C Programming Linux Kernel

Linux Exec System Call

The exec system call is used to execute a file which is residing in an active process. When exec is called the previous executable file is replaced and new file is executed.

More precisely, we can say that using exec system call will replace the old file or program from the process with a new file or program. The entire content of the process is replaced with a new program.

The user data segment which executes the exec() system call is replaced with the data file whose name is provided in the argument while calling exec().

The new program is loaded into the same process space. The current process is just turned into a new process and hence the process id PID is not changed, this is because we are not creating a new process we are just replacing a process with another process in exec.

If the currently running process contains more than one thread then all the threads will be terminated and the new process image will be loaded and then executed. There are no destructor functions that terminate threads of current process.

PID of the process is not changed but the data, code, stack, heap, etc. of the process are changed and are replaced with those of newly loaded process. The new process is executed from the entry point.

Exec system call is a collection of functions and in C programming language, the standard names for these functions are as follows:

  1. execl
  2. execle
  3. execlp
  4. execv
  5. execve
  6. execvp


It should be noted here that these functions have the same base exec followed by one or more letters. These are explained below:

e: It is an array of pointers that points to environment variables and is passed explicitly to the newly loaded process.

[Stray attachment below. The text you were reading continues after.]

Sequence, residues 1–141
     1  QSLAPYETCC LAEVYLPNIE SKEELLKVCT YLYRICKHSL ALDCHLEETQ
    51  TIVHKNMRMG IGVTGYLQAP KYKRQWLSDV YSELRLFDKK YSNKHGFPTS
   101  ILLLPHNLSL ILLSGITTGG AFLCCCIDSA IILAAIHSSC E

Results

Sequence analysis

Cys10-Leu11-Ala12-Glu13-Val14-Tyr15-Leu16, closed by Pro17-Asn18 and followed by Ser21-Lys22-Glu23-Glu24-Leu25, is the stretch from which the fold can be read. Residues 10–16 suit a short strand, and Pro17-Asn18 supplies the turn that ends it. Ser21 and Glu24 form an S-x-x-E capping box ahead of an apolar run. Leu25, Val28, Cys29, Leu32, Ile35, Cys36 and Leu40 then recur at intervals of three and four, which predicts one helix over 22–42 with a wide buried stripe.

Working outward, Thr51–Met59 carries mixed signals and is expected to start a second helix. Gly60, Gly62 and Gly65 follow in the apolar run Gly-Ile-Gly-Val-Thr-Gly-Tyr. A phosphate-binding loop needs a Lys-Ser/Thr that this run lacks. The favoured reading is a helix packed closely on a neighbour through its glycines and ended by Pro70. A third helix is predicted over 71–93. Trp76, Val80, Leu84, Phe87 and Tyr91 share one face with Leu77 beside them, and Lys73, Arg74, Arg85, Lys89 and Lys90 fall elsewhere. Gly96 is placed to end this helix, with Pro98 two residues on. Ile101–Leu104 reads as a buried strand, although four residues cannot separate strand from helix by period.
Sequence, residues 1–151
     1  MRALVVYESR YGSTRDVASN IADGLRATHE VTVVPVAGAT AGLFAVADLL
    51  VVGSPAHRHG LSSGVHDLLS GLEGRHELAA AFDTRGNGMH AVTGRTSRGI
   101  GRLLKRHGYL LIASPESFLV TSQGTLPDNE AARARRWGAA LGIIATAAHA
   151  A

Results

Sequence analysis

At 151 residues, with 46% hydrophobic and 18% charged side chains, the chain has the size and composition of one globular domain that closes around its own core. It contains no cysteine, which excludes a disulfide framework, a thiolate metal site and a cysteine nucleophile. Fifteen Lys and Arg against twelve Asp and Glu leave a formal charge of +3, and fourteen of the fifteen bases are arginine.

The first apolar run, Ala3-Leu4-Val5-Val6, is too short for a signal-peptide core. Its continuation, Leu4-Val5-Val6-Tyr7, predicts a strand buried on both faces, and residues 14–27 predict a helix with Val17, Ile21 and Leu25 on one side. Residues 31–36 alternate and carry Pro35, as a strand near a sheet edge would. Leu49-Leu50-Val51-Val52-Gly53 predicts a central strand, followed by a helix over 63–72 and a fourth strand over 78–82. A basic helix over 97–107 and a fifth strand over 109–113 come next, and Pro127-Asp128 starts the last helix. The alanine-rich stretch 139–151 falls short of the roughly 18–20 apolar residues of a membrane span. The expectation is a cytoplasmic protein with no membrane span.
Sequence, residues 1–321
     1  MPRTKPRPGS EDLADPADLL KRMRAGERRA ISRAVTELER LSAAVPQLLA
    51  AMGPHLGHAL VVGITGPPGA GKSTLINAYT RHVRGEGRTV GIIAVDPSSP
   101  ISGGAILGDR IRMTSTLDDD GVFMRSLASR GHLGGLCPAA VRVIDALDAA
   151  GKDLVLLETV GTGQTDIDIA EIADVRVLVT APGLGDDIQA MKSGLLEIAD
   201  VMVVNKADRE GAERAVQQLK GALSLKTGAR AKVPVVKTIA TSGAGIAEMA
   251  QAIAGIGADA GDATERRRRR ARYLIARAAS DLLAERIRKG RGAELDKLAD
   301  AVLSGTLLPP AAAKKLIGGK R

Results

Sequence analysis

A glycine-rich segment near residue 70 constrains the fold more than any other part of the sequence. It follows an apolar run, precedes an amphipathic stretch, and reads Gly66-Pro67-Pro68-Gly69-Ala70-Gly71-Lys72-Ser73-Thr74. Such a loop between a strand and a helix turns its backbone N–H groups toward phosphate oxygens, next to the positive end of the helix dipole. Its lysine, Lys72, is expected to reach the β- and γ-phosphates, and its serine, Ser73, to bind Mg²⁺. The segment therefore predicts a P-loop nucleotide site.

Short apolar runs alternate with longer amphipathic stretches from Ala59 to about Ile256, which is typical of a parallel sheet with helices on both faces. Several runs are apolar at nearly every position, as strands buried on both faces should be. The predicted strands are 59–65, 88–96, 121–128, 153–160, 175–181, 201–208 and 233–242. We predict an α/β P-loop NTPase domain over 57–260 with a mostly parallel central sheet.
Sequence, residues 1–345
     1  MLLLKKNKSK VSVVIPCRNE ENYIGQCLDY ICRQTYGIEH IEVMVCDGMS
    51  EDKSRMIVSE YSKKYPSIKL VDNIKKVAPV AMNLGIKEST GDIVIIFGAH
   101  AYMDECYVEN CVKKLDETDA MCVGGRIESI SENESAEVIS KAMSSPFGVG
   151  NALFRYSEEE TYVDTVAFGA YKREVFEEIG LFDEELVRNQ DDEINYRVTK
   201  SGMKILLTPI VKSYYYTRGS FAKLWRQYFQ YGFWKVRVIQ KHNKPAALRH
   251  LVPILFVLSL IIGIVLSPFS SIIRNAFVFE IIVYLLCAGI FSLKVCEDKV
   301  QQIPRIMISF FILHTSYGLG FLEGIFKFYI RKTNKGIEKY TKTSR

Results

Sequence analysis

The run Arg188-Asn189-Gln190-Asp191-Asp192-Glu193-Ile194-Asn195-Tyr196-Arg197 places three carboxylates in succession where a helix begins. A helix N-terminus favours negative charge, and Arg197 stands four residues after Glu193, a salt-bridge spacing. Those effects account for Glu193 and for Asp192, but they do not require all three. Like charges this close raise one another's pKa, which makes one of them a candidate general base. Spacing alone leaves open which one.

l: l is for the command line arguments passed a list to the function

p: p is the path environment variable which helps to find the file passed as an argument to be loaded into process.

v: v is for the command line arguments. These are passed as an array of pointers to the function.

Why exec is used?

exec is used when the user wants to launch a new file or program in the same process.

Inner Working of exec

Consider the following points to understand the working of exec:

  1. Current process image is overwritten with a new process image.
  2. New process image is the one you passed as exec argument
  3. The currently running process is ended
  4. New process image has same process ID, same environment, and same file descriptor (because process is not replaced process image is replaced)
  5. The CPU stat and virtual memory is affected. Virtual memory mapping of the current process image is replaced by virtual memory of new process image.

Syntaxes of exec family functions:

The following are the syntaxes for each function of exec:

int execl(const char* path, const char* arg, …)
int execlp(const char* file, const char* arg, …)
int execle(const char* path, const char* arg, …, char* const envp[])
int execv(const char* path, const char* argv[])
int execvp(const char* file, const char* argv[])
int execvpe(const char* file, const char* argv[], char *const envp[])